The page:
Katherine Rich: May the health stars be with you

15 April 2016

It’s star wars – but not as we know it! The Government’s campaign to increase shoppers’ understanding and awareness of the food Health Star Rating system promises to be putting stars in our eyes for some time to come – through to June 2018, in fact. It’s certainly a comprehensive campaign, especially in the first three months.

Put together by the Health Promotion Agency, the Health Ministry, and the Ministry for Primary Industries, the ‘Healthier is easier when you look for Health Stars’ campaign seems to be aimed at all the right areas.

Online videos are being pushed on Facebook, YouTube, and the on-demand channels of TVNZ and TV3. Supermarkets will play their part, with advertisements in Countdown’s national printed product mailer and in New World’s digital mailer, between them reaching millions of households. There are also posters in bus shelters at 125 locations near supermarkets in Auckland, Wellington, and Christchurch. In-store, there will be banners and large floor decals in the cereal aisles of some supermarkets.

The social media videos are aimed at informing household shoppers that packaged goods with a higher star rating are healthier choices, and I think they do a good job. They combine good information with some classic Kiwi humour, and it would be good to see them “shared” around and even become identified with good food. If you haven’t seen the ‘Healfy Bits’ talking cereal boxes, they’re worth a look.

This coverage will add to the fast-growing number of stars that are appearing on supermarket shelves – at last count there were more than 1000 products sporting the front-of-pack logos, with more being added every week.

There’s been a lot of talk about HSR since the Government announced it in late 2014, but the beauty of it is that it’s a simple way for shoppers going down the supermarket aisles to tell instantly what’s healthier within a specific category. And that’s a key point. HSR is designed to help shoppers make choices within food categories, not across categories. For example, it helps them make a selection when they are deciding between cereals while they’re in the breakfast aisle or deciding which yoghurt is a healthier choice when they’re in the chilled dairy section.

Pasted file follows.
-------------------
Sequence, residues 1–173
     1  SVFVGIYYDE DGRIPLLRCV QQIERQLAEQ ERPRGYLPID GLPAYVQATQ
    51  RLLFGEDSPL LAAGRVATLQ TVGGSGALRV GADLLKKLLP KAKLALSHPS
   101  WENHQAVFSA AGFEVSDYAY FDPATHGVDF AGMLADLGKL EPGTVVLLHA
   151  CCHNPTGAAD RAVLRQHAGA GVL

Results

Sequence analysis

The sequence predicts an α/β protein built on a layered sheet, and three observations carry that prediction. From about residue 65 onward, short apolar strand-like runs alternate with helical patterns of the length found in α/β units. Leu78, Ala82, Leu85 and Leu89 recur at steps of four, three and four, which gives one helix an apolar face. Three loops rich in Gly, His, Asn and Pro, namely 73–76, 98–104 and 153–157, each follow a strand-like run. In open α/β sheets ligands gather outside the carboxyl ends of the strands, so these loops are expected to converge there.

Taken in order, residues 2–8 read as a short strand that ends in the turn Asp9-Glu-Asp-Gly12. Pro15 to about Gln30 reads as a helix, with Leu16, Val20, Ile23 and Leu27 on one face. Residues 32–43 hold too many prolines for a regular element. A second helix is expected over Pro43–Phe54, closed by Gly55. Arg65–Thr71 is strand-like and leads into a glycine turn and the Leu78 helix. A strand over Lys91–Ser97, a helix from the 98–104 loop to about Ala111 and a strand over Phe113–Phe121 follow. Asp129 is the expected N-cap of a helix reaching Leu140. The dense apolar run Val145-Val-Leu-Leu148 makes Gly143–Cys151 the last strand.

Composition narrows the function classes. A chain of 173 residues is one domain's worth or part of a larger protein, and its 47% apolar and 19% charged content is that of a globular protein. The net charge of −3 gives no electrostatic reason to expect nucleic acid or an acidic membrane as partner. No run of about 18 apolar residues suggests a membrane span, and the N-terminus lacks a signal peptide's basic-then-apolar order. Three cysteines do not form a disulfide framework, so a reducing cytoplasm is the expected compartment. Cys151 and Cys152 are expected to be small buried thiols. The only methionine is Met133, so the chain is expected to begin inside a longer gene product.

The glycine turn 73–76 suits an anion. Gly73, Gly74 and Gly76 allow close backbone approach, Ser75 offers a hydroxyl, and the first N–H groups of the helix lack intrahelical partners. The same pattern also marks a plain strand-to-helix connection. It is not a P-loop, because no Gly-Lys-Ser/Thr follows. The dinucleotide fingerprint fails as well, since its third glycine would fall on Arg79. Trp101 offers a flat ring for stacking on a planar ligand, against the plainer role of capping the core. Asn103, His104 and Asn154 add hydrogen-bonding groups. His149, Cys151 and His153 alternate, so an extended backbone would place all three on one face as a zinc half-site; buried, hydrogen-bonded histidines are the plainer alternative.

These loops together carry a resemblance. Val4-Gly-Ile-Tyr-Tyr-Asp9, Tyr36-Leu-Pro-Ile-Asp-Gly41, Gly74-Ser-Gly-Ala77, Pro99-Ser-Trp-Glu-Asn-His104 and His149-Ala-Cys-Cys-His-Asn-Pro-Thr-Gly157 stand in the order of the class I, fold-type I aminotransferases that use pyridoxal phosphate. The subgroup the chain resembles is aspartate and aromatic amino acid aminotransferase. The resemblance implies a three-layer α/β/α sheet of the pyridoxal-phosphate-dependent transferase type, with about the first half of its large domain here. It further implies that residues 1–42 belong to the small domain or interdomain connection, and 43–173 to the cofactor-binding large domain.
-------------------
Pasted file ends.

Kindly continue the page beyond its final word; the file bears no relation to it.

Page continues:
Not everyone understands nutrition panels, so this quick and easy solution will make it easier for them to identify more healthy choices, and I'm confident that once they see how easy it is, they’ll embrace it.

To recap, the scheme works like this:

Stars are awarded to packaged foods depending on the balance between the good and bad nutrients they contain. It’s a complex process, but basically, foods are first split into categories – food, beverages, oils, spreads, and dairy products.

A product’s nutrition information is then put into a calculator that applies different values and awards negative points depending on how much energy, saturated fat, sodium and total sugars they contain. These were chosen because they are the risk factors for obesity and diet-related chronic disease. Positive points are awarded for good nutrients – protein, fibre, fruit, vegetable, nut or legume content – and the calculator produces a score that is converted to between ½ and 5 stars.

Some people say HSR is flawed because it doesn’t include fresh fruit and vegetables, but if anyone really thinks we should be putting stickers on carrots and apples to tell shoppers they are a healthy choice then even the slickest and most expensive campaign in the world will be a waste of time.

There’s one other benefit of the system: in recent years the food industry has been working hard to make products healthier by removing sugar, salt and fat, and the introduction of HSR is furthering that as companies reformulate at an even greater pace so they can achieve even higher star ratings. And hopefully then we will all benefit from everyone making healthier choices.

(as published in Supermarket News)